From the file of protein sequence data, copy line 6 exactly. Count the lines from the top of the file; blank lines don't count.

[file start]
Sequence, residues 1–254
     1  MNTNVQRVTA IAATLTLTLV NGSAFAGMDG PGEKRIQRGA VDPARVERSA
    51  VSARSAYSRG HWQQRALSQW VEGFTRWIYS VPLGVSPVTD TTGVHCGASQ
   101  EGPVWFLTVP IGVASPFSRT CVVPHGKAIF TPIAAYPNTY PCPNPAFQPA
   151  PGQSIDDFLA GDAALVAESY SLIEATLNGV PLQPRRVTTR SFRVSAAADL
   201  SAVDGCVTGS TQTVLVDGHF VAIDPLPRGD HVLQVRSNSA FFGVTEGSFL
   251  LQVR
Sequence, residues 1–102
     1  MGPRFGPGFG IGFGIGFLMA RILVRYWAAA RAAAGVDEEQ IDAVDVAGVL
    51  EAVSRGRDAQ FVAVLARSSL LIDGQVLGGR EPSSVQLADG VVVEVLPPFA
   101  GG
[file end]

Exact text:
   201  SAVDGCVTGS TQTVLVDGHF VAIDPLPRGD HVLQVRSNSA FFGVTEGSFL